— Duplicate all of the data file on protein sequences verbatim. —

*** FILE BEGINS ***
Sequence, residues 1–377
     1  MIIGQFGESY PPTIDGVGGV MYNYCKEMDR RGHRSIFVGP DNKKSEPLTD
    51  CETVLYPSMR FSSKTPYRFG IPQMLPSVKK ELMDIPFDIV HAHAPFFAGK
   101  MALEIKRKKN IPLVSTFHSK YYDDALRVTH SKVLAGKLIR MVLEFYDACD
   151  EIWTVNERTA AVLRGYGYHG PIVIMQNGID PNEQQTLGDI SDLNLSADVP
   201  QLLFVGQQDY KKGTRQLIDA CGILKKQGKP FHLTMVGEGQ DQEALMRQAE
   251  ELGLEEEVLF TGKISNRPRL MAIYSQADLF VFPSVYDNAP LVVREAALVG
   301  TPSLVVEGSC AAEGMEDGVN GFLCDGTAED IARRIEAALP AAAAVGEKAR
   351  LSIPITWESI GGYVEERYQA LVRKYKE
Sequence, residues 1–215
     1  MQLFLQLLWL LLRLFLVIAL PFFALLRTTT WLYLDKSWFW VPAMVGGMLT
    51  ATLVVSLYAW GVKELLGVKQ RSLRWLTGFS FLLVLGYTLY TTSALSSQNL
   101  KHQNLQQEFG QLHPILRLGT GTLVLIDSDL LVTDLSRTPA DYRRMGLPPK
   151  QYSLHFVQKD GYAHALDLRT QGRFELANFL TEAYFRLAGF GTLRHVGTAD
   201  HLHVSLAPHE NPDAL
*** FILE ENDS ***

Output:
Sequence, residues 1–377
     1  MIIGQFGESY PPTIDGVGGV MYNYCKEMDR RGHRSIFVGP DNKKSEPLTD
    51  CETVLYPSMR FSSKTPYRFG IPQMLPSVKK ELMDIPFDIV HAHAPFFAGK
   101  MALEIKRKKN IPLVSTFHSK YYDDALRVTH SKVLAGKLIR MVLEFYDACD
   151  EIWTVNERTA AVLRGYGYHG PIVIMQNGID PNEQQTLGDI SDLNLSADVP
   201  QLLFVGQQDY KKGTRQLIDA CGILKKQGKP FHLTMVGEGQ DQEALMRQAE
   251  ELGLEEEVLF TGKISNRPRL MAIYSQADLF VFPSVYDNAP LVVREAALVG
   301  TPSLVVEGSC AAEGMEDGVN GFLCDGTAED IARRIEAALP AAAAVGEKAR
   351  LSIPITWESI GGYVEERYQA LVRKYKE
Sequence, residues 1–215
     1  MQLFLQLLWL LLRLFLVIAL PFFALLRTTT WLYLDKSWFW VPAMVGGMLT
    51  ATLVVSLYAW GVKELLGVKQ RSLRWLTGFS FLLVLGYTLY TTSALSSQNL
   101  KHQNLQQEFG QLHPILRLGT GTLVLIDSDL LVTDLSRTPA DYRRMGLPPK
   151  QYSLHFVQKD GYAHALDLRT QGRFELANFL TEAYFRLAGF GTLRHVGTAD
   201  HLHVSLAPHE NPDAL